This month, the Massachusetts Securities Division sent a message to several hundred brokerages with above-average numbers of representatives with at least one misconduct report on their records: Firms are on the hook for hiring bad brokers.
The regulator cited a report that 44% of advisers who are fired for misconduct obtained another job at an advisory firm within a year of the firing, and made it no small secret that the practice of rehiring brokers fired for misconduct, sometimes called cockroach culture, is unacceptable.
Facing federal indictment for charges including repeated fraudulent sales of nontraded REITs, Anthony Diaz is perhaps the best example of a financial adviser who was able to repeat his misconduct through complaint after complaint, in part, because of "ineffective sanctions" and a business model that targets vulnerable consumers, such as the elderly and unsophisticated customers with less education, according to a joint letter to FINRA from Massachusetts Senator Elizabeth Warren and Arkansas Senator Tom Cotton.
In the letter, Sen. Warren and Sen. Cotton wrote that, "adviser misconduct exists at unacceptably high levels" because misconduct-related disclosures don't seem to adequately punish malfeasant brokers and that among those brokers and advisers who have committed at least one instance of misconduct, about one-third are repeat offenders.
In conclusion, the senators wrote that these past offenders are "five times more likely to engage in misconduct than the average adviser, [which] exposes investors to real risk."
Enter Anthony Diaz, a former broker with Sandlapper Securities and IBN Financial Services in Scotrun, PA, who racked up 51 disclosures in his BrokerCheck report, including 44 since 2010 alone.
Diaz earned his first disclosure in December 2002, when Edward Jones fired him for providing inaccurate information to a field supervisor. Nonetheless, Raymond James Financial Services hired him that very same month and less than two years later, Diaz was hit with a pair of customer complaints alleging unauthorized trading.
The report shows that Diaz henceforth moved to Round Hill Securities, Inc. in Alamo, California for about six months before joining First Allied Securities in 2005, where he encountered another series of customer disputes alleging misrepresentation and failure to fulfill fiduciary responsibilities.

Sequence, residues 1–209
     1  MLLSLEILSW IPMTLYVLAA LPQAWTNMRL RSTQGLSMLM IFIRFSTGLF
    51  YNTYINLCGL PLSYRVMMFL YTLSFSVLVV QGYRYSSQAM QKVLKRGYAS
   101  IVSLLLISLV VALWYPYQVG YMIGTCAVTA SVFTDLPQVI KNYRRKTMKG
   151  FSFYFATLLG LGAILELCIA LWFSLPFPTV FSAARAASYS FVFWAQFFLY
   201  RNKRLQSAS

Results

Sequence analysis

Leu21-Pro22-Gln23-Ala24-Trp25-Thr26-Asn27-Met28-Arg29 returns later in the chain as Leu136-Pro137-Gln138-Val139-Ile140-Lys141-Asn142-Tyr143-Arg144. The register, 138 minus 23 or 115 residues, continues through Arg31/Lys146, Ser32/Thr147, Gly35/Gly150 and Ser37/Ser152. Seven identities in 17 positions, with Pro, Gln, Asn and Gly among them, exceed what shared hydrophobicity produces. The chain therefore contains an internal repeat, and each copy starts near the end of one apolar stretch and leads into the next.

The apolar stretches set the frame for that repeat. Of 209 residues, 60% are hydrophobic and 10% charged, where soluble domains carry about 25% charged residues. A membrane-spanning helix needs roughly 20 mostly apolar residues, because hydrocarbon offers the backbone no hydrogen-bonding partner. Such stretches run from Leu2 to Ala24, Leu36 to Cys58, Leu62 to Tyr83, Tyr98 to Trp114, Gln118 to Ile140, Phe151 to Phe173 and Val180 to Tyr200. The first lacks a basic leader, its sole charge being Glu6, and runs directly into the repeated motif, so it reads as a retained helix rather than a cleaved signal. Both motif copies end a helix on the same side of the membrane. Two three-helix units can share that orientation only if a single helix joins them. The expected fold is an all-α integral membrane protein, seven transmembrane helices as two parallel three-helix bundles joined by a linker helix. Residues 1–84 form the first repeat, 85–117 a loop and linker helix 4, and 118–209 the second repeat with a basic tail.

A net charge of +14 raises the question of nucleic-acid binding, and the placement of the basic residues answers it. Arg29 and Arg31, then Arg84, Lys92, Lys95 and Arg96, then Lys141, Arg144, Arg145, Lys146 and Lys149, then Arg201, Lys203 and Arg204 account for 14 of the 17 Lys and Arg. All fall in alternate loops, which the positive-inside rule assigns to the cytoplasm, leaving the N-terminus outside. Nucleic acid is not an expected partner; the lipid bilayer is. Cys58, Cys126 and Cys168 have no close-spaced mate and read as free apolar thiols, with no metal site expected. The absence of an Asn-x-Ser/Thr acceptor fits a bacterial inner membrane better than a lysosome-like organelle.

In all, Diaz was fired by four firms—Edward Jones, SII Investments, Kovack Securities and Sandlapper—for charges ranging from dishonesty to unauthorized trading to improper solicitation & sales, yet each and every time a firm terminated his employment, another one was there to hire him within a month of his dismissal. In the end, Diaz earned his 51 disclosures for a variety of misconduct allegations including unauthorized trading, willful misrepresentation, omission of material facts, unapproved solicitation and sales, and breach of contract and fiduciary duty.
On average, Diaz earned over four disclosures for each firm he associated with, the majority of which occurred during his final few years in the industry.
This, according to Warren and Cotton's appeal, is what is wrong with the industry and is what the lawmaking duo implores FINRA to address.
If you have invested with Anthony Diaz or with any firm who has employed a broker or financial adviser with a history of misconduct, and the firm's inability to recognize—or apparent willful disregard of—its broker's red flags and previous disclosures has proven harmful to your investments or interests when the offending broker has committed another repeat offense, please call The Law Offices of Jonathan W. Evans & Associates at (800) 699-1881 for an investigation and consultation.